Cheltenham confident festival will not be stopped by coronavirus
Cheltenham supremo Ian Renton is confident it will be business as usual at next month's Festival, despite the increasing concern that the coronavirus outbreak could reach pandemic scale as new cases continue to be reported across the globe.
The threat of coronavirus was discussed at Monday’s annual meeting between the BHA and Cheltenham as the track prepares for jump racing's marquee festival starting a week on Tuesday, which is set to be attended by more than a quarter of a million people.
A racing industry steering group, comprising representatives from the BHA, Racecourse Association and horsemen, has been established to consider the implications on the sport of the coronavirus outbreak and has agreed to follow government guidance on preventing the spread of the virus.
That guidance has been shared around the racing industry as a first measure, but a policy regarding abandonment of fixtures has not yet been deemed necessary and Renton is confident the four-day festival will proceed without restriction.
"The racing industry is in close touch with the government, who are doing a great job with measures to try to restrict any spread," said Renton on Wednesday.
"There have been only 13 cases in Britain and there is a need to be prepared, but we're looking forward to the festival, which is going ahead."
Betfair opened a 'Will Racing Go Ahead?' market on their exchange on Tuesday night, and on Wednesday evening 'no' was trading at around 3.25 (from an opening 4.1).
More than £60,000 had been traded on the market by 6pm on Wednesday, with 'yes' at around 1.4.
The BHA said on Wednesday there are mechanisms to allow major fixtures which are cancelled or abandoned for any reason to be restaged at a later date, but that the sport is in agreement there is as yet no need to develop a policy regarding the abandonment of any specific fixtures due to coronavirus.
A BHA spokesman added: “The industry’s steering group, comprising the Racecourse Association, BHA and horsemen, will continue to liaise with government and monitor the implications of coronavirus. Further information or guidance will be issued to the industry as and when appropriate.”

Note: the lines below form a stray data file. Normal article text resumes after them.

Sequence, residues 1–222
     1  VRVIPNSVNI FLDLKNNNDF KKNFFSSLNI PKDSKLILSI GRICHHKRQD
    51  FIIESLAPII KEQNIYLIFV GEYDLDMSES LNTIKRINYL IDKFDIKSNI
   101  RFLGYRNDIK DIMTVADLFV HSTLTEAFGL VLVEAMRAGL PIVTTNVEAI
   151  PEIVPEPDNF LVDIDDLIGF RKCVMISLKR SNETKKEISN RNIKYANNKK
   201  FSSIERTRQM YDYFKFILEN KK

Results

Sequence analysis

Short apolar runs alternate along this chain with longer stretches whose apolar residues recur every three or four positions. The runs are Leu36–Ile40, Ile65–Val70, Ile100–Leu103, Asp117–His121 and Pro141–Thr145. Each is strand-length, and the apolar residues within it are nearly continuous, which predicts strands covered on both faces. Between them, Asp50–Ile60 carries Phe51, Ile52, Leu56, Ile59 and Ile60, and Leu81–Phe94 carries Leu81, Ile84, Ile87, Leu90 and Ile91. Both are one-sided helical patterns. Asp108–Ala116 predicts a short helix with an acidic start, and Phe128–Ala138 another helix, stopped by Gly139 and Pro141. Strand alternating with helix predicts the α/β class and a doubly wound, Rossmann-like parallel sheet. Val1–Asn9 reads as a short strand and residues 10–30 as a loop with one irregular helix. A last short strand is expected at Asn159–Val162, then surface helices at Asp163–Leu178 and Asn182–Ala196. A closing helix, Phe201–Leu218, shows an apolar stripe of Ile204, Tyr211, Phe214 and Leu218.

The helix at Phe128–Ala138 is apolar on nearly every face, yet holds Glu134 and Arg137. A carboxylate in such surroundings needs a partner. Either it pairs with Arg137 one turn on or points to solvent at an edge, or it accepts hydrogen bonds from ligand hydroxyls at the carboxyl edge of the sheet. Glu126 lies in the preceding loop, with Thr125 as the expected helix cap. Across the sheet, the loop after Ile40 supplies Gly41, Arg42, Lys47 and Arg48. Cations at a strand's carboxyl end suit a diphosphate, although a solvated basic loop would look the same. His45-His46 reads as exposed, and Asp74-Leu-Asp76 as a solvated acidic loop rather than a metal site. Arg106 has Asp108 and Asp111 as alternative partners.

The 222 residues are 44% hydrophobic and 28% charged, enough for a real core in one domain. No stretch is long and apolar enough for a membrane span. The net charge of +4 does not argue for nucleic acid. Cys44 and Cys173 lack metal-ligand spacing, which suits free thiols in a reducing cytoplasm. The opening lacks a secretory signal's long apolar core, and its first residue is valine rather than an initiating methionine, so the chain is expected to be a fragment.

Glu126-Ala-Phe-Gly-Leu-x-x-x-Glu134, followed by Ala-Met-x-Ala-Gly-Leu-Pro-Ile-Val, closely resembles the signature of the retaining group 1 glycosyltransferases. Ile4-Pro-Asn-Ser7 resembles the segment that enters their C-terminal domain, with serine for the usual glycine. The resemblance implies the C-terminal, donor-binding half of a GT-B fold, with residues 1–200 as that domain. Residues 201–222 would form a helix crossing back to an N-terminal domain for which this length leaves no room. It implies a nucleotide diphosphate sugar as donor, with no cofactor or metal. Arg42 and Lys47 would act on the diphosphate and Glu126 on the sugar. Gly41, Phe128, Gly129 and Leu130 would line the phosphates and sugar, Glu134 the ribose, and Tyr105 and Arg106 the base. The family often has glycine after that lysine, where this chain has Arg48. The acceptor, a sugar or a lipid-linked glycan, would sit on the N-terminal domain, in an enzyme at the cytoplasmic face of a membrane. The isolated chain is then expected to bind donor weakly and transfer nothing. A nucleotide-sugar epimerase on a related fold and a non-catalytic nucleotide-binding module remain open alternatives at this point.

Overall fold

The virus, which spread from China and has gained a foothold in Europe following significant outbreaks in northern Italy, has already started to impact sporting events in Europe, with further disruption to Six Nations matches announced on Wednesday.
After Scotland women's Six Nations match in Italy was postponed at the weekend, Ireland's men's and women's games against Italy in Dublin on March 7 and 8 have now been postponed.
Ireland's chief medical officer said on Wednesday the decision to call for the postponement of the matches in Dublin had "not been made lightly".
There have been no confirmed reports of coronavirus in Ireland, with more than 90 suspected cases turning out to be negative.
Thousands of racing professionals and fans are set to travel to Cheltenham from Ireland next month but Horse Racing Ireland chief executive Brian Kavanagh stressed on Wednesday there has been no official instruction regarding the coronavirus outbreak.
He said: "We've had no direct contact with the Department of Health or the UK racing authorities. As far as we're concerned it's business as usual.
"We'll keep an eye on developments and work with the necessary authorities in relation to any Irish events. Anything that happens in the UK is a matter for authorities over there."
More than 7,000 people have been tested for coronavirus in Britain, health secretary Matt Hancock told the Commons on Wednesday. Of those, 13 have tested positive and eight have since been discharged.
In Europe, new cases have been recorded in Austria, Croatia, France, Germany, Greece, Spain and Switzerland. Most were tied to Italy, which has now confirmed more than 320 cases of the virus.
The FTSE 100 share index has seen its sharpest drop since January 2016 following the outbreak, while global markets continue to slide amid economic uncertainty. The possible cancellation of major sporting events has the potential to be particularly bleak for bookmakers.
William Hill chief executive Ulrik Bengtsson said it would be a hard task to predict the financial impact on the company if the Cheltenham Festival or football's European Championships were cancelled.
"With all these big events there is a massive customer acquisition opportunity - you get a lot of recreational players coming online for these events," Bengtsson told analysts after unveiling the company's annual results for 2019 on Wednesday.
"In terms of the financial impact beyond that, it's very much results driven. You can have a very good event or a poor event, it's really hard to predict at this point."
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